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2GNT | Power Stages

The old power stages article. Another point of view...

POWER STAGES | revised. The idea behind this list is not to be an end-all, carved-in-stone bible of which modifications will yield how much horsepower, but to assist those 2GNT owners who are unsure of where to start or how to proceed with some ideas of which way they might go, given the desire and resources. We want you to work on your own car and we aim to help you get started by having fun with it.

We used to break this down into stages which might build upon each other (building a foundation for serious modifications down the road), but this time around, we will try getting you started with mods which provide the most bang for the buck and will allow you to determine if this is really the sort of thing you want to pursue to the next level. Things will start off relatively inexpensive and simple before evolving into more advanced, financial investments in your addiction, er hobby. The idea being we help you build a foundation for achieving your personal goals for the car more than just tell you how to build an engine.

Cost | We will not quote prices, but tell you what you need to know about both direct and indirect costs associated with a mod. Expect "ballpark" figures, here.

Power | Our thoughts on what kind of gains are possible, plus how a mod might change the powerband or driving characteristics of the car. Speculation as to what kind of gains will be realized from specific modifications is referred to as "bench racing" on most sites and is generally frowned upon. The only way to know how much power your car makes for sure is to strap it to a dyno and spin the rollers.

1/4 Mile Improvement | Considering all the factors that contribute to good times at the track - weather, supporting mods, tuning, and most importantly, EXPERIENCE - we will not offer advice on gains (much like power, above). Stock manual transmission 2GNTs run the quarter in just under 17 seconds and automatics are even worse. There are drivers with minimal modifications who are approaching 14.999 E.T.s. and there are drivers with fully built engines who still can't do better than a 15.500. The only way to know what a mod will do for your times is to install it, tune it, and run it. (At the time of publication, the fastest 420A-powered DSM in the country runs the quarter mile in 10.8xx seconds - Bill Hahn, Jr. | owner - Hahn Racecarft.)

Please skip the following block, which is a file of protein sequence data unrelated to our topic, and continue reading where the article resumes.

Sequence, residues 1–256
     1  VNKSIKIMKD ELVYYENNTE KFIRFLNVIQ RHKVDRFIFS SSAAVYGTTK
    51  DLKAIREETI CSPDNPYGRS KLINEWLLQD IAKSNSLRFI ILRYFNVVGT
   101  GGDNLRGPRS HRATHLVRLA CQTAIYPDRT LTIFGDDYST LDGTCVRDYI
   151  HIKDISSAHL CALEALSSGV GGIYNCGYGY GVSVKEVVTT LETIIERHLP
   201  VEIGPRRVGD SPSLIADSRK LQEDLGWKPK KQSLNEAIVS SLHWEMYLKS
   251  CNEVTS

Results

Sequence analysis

Difficulty | A scale of 1 to 5.

1. You don't want anyone to know you paid to have this done.

2. A bit more challenging, but you CAN do this if you put your mind to it.

3. This one is going to require some experience, but it shouldn't take you that long, OR it's not that hard and just means bolting/unbolting a lot of stuff to get to things. In either case, having a buddy around is a good idea.

4. Tough one to do yourself. If you mess up, you might have to take the bus (or borrow mommy's car) to get to work in the morning. Probably going to take some time to get this one done, too. Having a buddy on hand who can help or drive you to the hospital is a good idea.

5. No shame in taking this to the shop. It requires a very experienced hand or expensive machinery to perform this mod and, unless you are an expert or have one on hand to assist you, it's best left to the pros. Expect these mods to be very involved and time consuming. Remember, you can have it fast, right, or cheap, but you can only pick two out of three.

Start here and do it right.

The basics, goal setting and decision time.

Building the bottom end.

Building the head.

Headwork and machining.

Instrumentation, sensors, and stand alones.


Document statistics: Last modified on 2006-08-08 19:21:40 by DR1665

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